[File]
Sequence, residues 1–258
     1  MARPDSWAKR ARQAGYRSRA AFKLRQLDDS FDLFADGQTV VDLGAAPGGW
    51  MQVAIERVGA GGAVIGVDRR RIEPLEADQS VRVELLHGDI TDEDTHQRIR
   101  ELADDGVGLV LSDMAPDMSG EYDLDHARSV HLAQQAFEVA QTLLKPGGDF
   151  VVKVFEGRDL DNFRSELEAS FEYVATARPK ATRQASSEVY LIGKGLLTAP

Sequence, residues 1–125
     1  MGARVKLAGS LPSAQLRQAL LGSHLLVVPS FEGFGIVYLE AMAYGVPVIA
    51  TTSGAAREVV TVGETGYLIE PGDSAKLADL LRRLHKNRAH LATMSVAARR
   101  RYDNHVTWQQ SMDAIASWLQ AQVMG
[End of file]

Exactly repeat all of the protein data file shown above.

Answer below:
Sequence, residues 1–258
     1  MARPDSWAKR ARQAGYRSRA AFKLRQLDDS FDLFADGQTV VDLGAAPGGW
    51  MQVAIERVGA GGAVIGVDRR RIEPLEADQS VRVELLHGDI TDEDTHQRIR
   101  ELADDGVGLV LSDMAPDMSG EYDLDHARSV HLAQQAFEVA QTLLKPGGDF
   151  VVKVFEGRDL DNFRSELEAS FEYVATARPK ATRQASSEVY LIGKGLLTAP

Sequence, residues 1–125
     1  MGARVKLAGS LPSAQLRQAL LGSHLLVVPS FEGFGIVYLE AMAYGVPVIA
    51  TTSGAAREVV TVGETGYLIE PGDSAKLADL LRRLHKNRAH LATMSVAARR
   101  RYDNHVTWQQ SMDAIASWLQ AQVMG